As we enter the golden age of social media, companies can no longer afford the luxury of tightly scripted, top-down messaging (e.g., “We’re the best! Take our word for it.”).
Nor can a company simply opt out and remain silent (as epitomized in Northwestern Mutual’s “The Quiet Company” ad campaign of years past).
As social media channels have increased, so has the need to communicate effortlessly and simultaneously. Just as presidential candidates now face the constant scrutiny of a 24-hour news cycle, companies are being called on to respond in real time across multiple media platforms. This is not a time for hesitation.
To market effectively, companies need a consistent, compelling brand voice—one that doesn’t pause, mumble or clam up. Here are five ways to share your message comfortably and confidently.
Content is the fuel for your social media rocket ship and the foundation of any solid presence in the social sphere. Your content cannot be everything to everyone; however, you can be relevant and provide value to your target market.
Generating compelling content that people want to consume can increase your website traffic and help you attract and retain a dedicated following. In order to produce quality content, you’re going to need a good source of raw material to continually draw upon.
Welcome to our weekly edition of what’s hot in social media news. To help you stay up-to-date with social media, here are some of the news items that caught our attention.
What’s New This Week?
Storify Is Now in Public Beta: This is a curation tool that gathers content from various social media platforms to create your own story. You can then create a widget of this story to embed it in your website. And now anyone can create an account to “Storify” an event or social media conversation.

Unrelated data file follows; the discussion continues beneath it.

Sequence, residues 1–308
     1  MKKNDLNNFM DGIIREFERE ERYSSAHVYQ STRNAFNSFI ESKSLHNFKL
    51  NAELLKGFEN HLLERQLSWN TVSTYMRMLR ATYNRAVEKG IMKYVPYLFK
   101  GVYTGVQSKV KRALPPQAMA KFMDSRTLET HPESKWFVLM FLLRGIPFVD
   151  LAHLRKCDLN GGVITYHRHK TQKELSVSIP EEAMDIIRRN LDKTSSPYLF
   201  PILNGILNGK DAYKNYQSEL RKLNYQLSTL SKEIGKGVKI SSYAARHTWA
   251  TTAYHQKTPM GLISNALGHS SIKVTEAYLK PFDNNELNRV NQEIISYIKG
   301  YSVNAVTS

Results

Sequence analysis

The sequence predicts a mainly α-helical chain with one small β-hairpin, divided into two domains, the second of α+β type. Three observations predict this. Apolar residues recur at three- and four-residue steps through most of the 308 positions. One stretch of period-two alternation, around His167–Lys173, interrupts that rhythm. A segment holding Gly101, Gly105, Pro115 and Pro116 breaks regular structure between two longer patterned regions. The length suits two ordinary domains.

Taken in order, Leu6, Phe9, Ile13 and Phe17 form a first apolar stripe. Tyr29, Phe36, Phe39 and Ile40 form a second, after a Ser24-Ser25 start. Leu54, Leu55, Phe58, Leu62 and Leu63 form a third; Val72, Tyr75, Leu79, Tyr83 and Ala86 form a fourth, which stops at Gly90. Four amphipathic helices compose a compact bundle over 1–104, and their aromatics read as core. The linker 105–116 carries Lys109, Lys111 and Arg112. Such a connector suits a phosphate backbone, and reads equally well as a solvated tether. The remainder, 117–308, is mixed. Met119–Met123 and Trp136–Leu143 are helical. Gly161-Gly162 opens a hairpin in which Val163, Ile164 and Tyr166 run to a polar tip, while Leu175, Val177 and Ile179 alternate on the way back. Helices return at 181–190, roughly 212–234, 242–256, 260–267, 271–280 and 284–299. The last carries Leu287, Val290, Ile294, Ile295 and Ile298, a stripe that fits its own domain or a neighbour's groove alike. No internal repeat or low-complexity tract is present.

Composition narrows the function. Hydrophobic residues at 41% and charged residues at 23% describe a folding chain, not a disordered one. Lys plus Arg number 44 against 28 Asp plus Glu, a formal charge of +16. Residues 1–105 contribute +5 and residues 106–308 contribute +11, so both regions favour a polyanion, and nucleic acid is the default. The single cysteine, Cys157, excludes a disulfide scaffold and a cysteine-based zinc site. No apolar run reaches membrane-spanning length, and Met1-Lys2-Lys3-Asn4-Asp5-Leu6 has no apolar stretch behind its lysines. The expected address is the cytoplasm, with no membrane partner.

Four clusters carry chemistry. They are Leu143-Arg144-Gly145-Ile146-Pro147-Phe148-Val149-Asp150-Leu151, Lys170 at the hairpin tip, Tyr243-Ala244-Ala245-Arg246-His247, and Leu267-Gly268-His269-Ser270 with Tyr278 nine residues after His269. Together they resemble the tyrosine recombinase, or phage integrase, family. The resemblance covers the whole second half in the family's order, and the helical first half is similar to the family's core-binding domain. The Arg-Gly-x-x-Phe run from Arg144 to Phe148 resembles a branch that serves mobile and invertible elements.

So you’ve set up your social media empire using Twitter, Facebook, LinkedIn, and you’re blogging too.
But how do you make it all work together? You want to reach potential clients and establish your authority online, but what’s your plan?
This article delivers five foolproof steps to get you on your way to finding, formulating and distributing content that will get you noticed. Content could include your own blog posts or links to others people’s work posted on your social networks.
#1: Find Your Target Audience.
The first step in social media planning is largely the first step in identifying your brand—determine who you are and who your customers are.
One of the hallmarks of social media is content: creating it, sharing it and engaging with it.
The best content in social media inspires, informs, educates or entertains (and if you’re really lucky, it does all four!). But how do you create content that goes viral?
What follows are seven strategies you can employ to help your content succeed.
The idea for this post came from Jay Baer’s excellent article on creating reusable social media content, which defined how companies can generate more value by repurposing existing content.
One of the key benefits of social media (that’s rarely discussed) is its ability to resolve doubt and confusion among fence-sitters.
Yes, your prospective customers are likely confused and possibly uncertain.
During my 15 years of website strategy and usability work (before I went all “social media” on you), I tried very hard to live by the two-click rule—answering the most common questions customers have about your business on your site within two clicks.
By now, you have probably heard the success stories of companies like Dell and Starbucks, which have created hugely successful social media presences that serve millions of fans and generate millions of dollars of revenue. The only problem is, your small business doesn’t have 1/1000th of the brand recognition these companies have. You run a solid small business that is well known in your niche or your region, but not beyond.
Sure, social media takes a lot of time. Merging Facebook, Twitter and all the other social media options can be challenging. But what if you could cut that time down significantly by cross-leveraging content?
Too many companies are reinventing the content wheel for every social outpost they maintain. A better approach is to create a content ecosystem that allows you to repurpose and cascade your best information.
Instead of a series of self-contained initiatives, build yourself a content ladder.